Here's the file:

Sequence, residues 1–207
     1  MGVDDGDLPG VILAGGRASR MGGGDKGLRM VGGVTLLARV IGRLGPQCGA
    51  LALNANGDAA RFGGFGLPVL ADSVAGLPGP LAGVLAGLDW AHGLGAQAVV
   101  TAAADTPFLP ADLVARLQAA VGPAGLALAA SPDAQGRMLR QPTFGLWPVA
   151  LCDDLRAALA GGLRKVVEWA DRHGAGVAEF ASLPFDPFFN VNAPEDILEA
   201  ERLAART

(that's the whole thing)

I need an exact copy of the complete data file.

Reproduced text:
Sequence, residues 1–207
     1  MGVDDGDLPG VILAGGRASR MGGGDKGLRM VGGVTLLARV IGRLGPQCGA
    51  LALNANGDAA RFGGFGLPVL ADSVAGLPGP LAGVLAGLDW AHGLGAQAVV
   101  TAAADTPFLP ADLVARLQAA VGPAGLALAA SPDAQGRMLR QPTFGLWPVA
   151  LCDDLRAALA GGLRKVVEWA DRHGAGVAEF ASLPFDPFFN VNAPEDILEA
   201  ERLAART